The difficulty with joint CEOs

You may have seen that Zynga recently appointed a new CEO, Don Mattrick, and that founder Mark Pincus has stayed with the company as Chairman and Head of Product. Ben Horrowitz wrote a blog post in response saying that ‘shared command’ creates difficulties. Command at Zynga is ‘shared’ because ultimate decision making is now shared between Mark and Don. It can only be that way when Mark in his Product role reports to Don, but then Don reports to Mark in his role as Chairman.

The problem with ‘shared command’ which applies to joint CEOs as well as in situations like Zynga is that it slows decision making. Horrowitz explains it like this:

Depending upon the prism through which you view the business, your perspective will vary. If two people are in charge, this variance will cause conflict and delay. Every employee in a company depends on the CEO to make fast, high quality decisions. Often any decision, even the wrong decision, is better than no decision. These decisions are pulse of the organization. Sharing command almost guarantees that the CEO position will perform poorly in this dimension.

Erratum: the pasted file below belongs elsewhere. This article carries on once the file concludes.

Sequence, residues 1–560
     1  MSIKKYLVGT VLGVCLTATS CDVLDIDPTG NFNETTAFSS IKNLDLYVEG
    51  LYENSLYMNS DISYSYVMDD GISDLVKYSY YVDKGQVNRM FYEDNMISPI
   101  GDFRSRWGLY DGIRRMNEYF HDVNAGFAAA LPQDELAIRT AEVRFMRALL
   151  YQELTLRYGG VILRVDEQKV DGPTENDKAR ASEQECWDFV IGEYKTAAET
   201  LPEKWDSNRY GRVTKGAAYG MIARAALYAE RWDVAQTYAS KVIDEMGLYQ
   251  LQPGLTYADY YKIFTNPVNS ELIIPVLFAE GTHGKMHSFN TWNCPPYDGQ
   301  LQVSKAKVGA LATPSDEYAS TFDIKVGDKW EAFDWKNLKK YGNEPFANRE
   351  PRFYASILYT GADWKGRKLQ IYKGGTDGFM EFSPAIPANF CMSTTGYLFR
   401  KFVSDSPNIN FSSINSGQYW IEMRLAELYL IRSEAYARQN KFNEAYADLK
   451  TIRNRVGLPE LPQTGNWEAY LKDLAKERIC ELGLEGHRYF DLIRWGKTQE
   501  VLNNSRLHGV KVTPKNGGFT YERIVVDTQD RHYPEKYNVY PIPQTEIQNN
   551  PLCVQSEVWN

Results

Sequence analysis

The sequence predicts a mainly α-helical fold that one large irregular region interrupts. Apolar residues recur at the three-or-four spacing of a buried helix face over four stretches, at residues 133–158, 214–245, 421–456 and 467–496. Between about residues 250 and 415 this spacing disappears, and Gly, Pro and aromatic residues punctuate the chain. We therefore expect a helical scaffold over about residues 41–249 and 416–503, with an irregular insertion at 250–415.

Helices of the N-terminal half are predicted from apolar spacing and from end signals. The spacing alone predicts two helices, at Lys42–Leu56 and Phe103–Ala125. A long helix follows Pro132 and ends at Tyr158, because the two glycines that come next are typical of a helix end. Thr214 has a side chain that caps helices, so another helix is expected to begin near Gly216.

Speed is, of course, one of a startups greatest weapons, and anything that impedes speed should be viewed with suspicion.

There are, of course, a number of companies that have been successful with a joint command model – Google and Workday spring to mind – so joint CEOs can work, but adopting that structure makes success less likely.

As Horrowitz points out people go for shared command structures when they can’t decide who should be in charge. It is a compromise. It’s generally much better to find a way to decide on one leader rather than duck the choice and go for a compromise.